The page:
For some reason, on NextDoor the people calling on others to wear masks are getting called ‘Karens’.

  17. dianne says

    nom de plume @16: At first I thought you meant a probe of the basal layer of the skin, which really would make it a bit easier to insert a tracking device, but virtually no chance that a device could be inserted undetected.

  18. unclefrogy says

    I feel for this guy and a lot of others who are in the same boat, they have been ill lead and ill advised buy people who do not give a damn about them dear or alive but whose job was to.

    It has occurred to me that the paranoid fear of tracking devices being implanted in some secret plot of some evil force is so 1950’s.
    This is 2020 we live in a highly interconnected technological world. There is a vigorous competitive market offering devices which have the ability to do way more then simply track location with the added benefit of people paying good money to buy them all out in the open, nothing secret at all and much of the information is available to almost anyone with the money.
    the amount of people needed to carry out the secret plot would make it near impossible to conceal for very long It would make the East german Stasi look like a mom and pop org.
    uncle frogy

  19. chrislawson says


    Sometimes they can be impervious even to direct first-hand experience. I remember one of my paediatric colleagues venting to me about a family of vaccine deniers who were refusing to get their kids immunised while two of them were in intensive care with pertussis.

  20. chrislawson says


    He is not a passive victim. He chose to believe blatant lie-mongerers over well-established and reliable information sources that used the available evidence to make recommendations. I empathise with his situation. Self-inflicted pain is still pain. But trying to construct a victim narrative for him so you can pwn ‘liberals’ is pathetic.

  21. KG says

    The only argument you can make is the weak one that right-wingers aren’t the sort of people they want to track — but nobody says that would-be dystopian nightmare jackbooted thug governments would mind tracking everybody. – The Vicar@19

    Er, no, that isn’t the only argument. Let’s assume, which is fair enough, that governments would like to track everyone all the time. So as far as sticking RFID trackers up noses is concerned, we need to ask: what would they risk, and what would they gain. The risk (in fact, the certainty) is that this would be detected and, in all but very efficiently totalitarian states, publicised. People are going to have things wrong with their noses, andor be suspicious of what was put up there, and get examined. RFID trackers are going to fall out. Once the programme is detected, it’s going to be a huge scandal, uniting people across political opinions in outrage. So, any government going to do this would either have to have full totalitarian powers already, or be ready to impose them as soon as the matter becomes public. None of the “Five Eyes” states are in that situation. Now, what would they gain? Most people voluntarily carry a phone all the time they are out of their homes, and as you point out, governments have ways of tracking those, either directly, or by leaning on or bribing commercial companies; and these options are only going to get better. Many people have voluntarily installed listening devices in their homes, and that is almost certain to become more common. Then there’s CCTV with facial recognition, use of credit/debit cards, all the information people voluntarily put online… In short, the risk/reward balance for sticking RFID trackers up people’s noses is utterly hopeless. That’s why we can be sure they won’t do it, without making any assumptions at all about their motivations.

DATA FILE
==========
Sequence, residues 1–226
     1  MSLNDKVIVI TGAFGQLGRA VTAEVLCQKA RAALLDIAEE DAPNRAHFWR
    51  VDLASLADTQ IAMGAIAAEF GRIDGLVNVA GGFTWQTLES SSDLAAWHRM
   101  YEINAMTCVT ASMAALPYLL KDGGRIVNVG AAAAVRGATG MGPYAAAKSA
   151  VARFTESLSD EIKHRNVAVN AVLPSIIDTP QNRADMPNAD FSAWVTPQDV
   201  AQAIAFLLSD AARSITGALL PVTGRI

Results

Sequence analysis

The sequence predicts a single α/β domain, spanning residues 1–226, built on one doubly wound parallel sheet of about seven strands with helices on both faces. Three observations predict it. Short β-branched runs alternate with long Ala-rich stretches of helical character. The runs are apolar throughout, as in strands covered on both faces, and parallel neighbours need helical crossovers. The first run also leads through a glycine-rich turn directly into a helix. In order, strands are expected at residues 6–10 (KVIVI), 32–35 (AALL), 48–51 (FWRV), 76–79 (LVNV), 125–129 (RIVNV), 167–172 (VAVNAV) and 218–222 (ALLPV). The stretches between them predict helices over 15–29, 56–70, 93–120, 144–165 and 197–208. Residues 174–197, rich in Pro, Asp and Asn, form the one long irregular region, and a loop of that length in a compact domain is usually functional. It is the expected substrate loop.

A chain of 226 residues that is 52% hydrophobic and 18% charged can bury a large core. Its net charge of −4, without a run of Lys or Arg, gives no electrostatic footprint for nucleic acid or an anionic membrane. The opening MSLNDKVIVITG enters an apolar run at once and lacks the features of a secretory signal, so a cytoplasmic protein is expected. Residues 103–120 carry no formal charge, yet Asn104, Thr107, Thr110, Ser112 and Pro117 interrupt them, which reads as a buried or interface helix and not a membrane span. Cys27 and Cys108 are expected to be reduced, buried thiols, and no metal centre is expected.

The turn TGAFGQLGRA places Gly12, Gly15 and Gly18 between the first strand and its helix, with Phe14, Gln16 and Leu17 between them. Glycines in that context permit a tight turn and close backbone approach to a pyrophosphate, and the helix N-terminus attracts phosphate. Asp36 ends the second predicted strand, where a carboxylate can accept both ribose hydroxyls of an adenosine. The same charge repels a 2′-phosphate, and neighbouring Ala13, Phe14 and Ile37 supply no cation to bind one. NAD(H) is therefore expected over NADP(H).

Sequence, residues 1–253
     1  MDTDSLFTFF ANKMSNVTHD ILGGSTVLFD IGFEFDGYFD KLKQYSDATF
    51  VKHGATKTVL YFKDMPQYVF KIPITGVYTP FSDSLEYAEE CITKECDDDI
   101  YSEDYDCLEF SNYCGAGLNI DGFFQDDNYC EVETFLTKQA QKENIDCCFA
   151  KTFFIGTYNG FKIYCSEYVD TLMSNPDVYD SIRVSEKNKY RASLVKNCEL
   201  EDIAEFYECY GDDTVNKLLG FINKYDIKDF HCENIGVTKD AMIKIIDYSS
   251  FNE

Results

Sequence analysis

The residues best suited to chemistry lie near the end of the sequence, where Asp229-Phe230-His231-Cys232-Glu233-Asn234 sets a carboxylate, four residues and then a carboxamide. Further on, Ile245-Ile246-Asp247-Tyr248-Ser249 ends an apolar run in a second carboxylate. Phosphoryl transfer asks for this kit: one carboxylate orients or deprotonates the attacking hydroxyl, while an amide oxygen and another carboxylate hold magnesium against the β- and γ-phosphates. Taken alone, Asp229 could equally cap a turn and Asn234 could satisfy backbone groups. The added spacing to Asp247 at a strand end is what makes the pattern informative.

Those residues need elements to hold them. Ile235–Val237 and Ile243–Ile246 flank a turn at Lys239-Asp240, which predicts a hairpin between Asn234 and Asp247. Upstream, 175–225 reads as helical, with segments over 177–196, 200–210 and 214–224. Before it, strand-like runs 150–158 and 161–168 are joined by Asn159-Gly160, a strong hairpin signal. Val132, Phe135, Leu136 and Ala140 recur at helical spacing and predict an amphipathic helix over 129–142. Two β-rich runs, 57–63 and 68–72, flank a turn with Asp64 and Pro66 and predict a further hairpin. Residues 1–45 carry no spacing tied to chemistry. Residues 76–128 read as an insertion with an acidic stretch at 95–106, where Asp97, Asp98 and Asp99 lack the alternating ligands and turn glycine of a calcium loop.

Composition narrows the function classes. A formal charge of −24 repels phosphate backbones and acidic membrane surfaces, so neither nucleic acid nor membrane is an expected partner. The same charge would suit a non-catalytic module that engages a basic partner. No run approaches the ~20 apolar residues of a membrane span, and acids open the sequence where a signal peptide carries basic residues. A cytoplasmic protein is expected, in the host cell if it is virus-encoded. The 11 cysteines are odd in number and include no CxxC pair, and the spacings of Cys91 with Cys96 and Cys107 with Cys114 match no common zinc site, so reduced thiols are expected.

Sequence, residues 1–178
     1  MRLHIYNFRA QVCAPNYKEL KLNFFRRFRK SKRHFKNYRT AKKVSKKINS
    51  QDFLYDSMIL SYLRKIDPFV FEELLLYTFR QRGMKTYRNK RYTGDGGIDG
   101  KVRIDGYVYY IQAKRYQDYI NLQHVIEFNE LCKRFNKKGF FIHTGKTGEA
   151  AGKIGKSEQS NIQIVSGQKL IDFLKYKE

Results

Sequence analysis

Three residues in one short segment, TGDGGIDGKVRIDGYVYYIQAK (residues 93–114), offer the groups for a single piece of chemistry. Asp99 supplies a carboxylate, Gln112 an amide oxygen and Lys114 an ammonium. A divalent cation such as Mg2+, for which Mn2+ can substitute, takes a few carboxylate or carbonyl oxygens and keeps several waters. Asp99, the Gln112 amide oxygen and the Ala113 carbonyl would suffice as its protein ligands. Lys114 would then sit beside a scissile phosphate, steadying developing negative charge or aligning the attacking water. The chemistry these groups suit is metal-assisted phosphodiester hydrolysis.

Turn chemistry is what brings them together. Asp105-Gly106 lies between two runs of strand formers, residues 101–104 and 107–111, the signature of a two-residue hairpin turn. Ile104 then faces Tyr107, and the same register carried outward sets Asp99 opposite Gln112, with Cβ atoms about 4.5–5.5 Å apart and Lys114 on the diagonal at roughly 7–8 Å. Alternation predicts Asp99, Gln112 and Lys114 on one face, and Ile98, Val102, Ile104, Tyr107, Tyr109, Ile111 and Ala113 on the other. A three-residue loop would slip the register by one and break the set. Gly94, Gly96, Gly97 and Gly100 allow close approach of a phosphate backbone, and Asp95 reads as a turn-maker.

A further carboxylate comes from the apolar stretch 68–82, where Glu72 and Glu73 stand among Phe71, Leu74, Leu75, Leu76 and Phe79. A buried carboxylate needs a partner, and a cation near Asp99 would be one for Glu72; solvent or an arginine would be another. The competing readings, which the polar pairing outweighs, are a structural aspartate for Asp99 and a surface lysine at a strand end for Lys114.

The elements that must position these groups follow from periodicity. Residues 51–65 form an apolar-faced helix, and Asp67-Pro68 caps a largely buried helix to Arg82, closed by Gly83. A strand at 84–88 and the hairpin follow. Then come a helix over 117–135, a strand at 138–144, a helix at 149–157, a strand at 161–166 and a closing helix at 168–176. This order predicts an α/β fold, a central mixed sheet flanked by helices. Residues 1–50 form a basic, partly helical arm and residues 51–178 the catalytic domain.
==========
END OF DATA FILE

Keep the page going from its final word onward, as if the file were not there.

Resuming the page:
22. KG says

    I see unclefrogy@24 made much the same points as I did @27.

    Reminder to self
    Read the whole thread!

  23. KG says

    However, I will make the point that The Vicar not only wants Trump to win the election, he’s now giving credence to an utterly doolally right-wing conspiracy theory which impedes testing for SARS-CoV-2. Hmm…

  24. antigone10 says


    Pretty sure “Karen” is on it’s way out. The right-wingers have heard it and are using it wrong, so it’s going to lose all useful linguistic value.

  25. davidc1 says

    Anyone remember the film “The Conversation ” with Gene Hackman and that bloke wot was in The God Father and The Deer Hunter ? The final scene has our Gene playing the sax in his apartment which he has torn apart looking for a listening device .

  26. captainjack says

    Yes, I saw The Conversation on a small black and white tv with bad reception and poor sound sometime in the 80’s. It was as scary as seeing the original Invasion Of The Body Snatchers when I was a kid. It fed my paranoia for years until I realized I was so boring that nobody was interested.

  27. chrislawson says


    The difference is that in The Conversation, Caul knows he is in the middle of a conspiracy because (i) he is a professional surveillance expert who is being paid to record people surreptitiously, (ii) he is still guilt-wracked over a previous job that led to the murder of his targets, (iii) he uses his technical skills to figure out the truth about his current job. He is not, to put it mildly, the same as the idiots thinking they’re having RFID chips put up their noses.

  28. chrislawson says

    Also, unknown to Coppola at the time of filming, the surveillance techniques in the film were actually being used by Nixon apparatchiks against their political opponents. So it turns out it’s a more realistic film than Coppola intended.

  29. davidc1 says

    @34 Didn’t mean to suggest he was the same as the idiots who think the govt is planning to track their every movement ,but he was paranoid about everyone ,his girlfriend humming the same tune as the girl he was recording for example .

  30. Saad says

    drew, #20

    Liberals can blame the victim. He was probably asking for it, dressed that way. Ridicule him anyway – he’s the other.

    I don’t think you quite grasp the idea of victim blaming.